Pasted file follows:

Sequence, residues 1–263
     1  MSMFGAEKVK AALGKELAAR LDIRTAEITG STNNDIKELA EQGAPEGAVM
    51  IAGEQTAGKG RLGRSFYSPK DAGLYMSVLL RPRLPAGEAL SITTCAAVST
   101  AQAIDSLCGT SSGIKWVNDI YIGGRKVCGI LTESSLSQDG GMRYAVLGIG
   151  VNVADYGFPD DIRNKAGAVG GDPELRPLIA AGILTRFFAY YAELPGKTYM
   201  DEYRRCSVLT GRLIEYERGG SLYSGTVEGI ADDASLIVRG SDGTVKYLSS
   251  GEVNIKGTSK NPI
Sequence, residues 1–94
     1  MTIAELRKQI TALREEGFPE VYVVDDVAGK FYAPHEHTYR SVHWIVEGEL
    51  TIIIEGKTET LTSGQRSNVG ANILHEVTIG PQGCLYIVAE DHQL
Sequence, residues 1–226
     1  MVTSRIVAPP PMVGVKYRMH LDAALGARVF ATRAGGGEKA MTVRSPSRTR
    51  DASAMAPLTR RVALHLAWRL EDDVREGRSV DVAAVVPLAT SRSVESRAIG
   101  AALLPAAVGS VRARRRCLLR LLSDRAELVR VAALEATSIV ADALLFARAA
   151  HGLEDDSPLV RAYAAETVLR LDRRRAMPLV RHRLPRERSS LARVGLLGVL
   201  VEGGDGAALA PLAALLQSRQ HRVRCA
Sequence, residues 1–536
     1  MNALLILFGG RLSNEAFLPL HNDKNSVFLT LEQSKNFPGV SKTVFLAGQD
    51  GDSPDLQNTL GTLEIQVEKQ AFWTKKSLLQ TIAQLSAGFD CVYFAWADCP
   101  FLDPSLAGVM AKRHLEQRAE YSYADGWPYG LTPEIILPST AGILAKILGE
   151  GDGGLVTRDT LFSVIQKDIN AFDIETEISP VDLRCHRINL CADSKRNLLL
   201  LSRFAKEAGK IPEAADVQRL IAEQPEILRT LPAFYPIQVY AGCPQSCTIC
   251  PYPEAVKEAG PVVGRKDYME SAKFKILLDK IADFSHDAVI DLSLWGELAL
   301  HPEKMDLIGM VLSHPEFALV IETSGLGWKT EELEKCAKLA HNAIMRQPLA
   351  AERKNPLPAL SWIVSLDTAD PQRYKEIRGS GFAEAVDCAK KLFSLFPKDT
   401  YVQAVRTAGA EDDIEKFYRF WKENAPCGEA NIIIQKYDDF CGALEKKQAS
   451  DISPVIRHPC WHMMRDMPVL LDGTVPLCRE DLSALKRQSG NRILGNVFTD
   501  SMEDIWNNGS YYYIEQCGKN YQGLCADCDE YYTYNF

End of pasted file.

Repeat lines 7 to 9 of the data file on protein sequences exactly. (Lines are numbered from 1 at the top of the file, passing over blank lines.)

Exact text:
   251  GEVNIKGTSK NPI
Sequence, residues 1–94
     1  MTIAELRKQI TALREEGFPE VYVVDDVAGK FYAPHEHTYR SVHWIVEGEL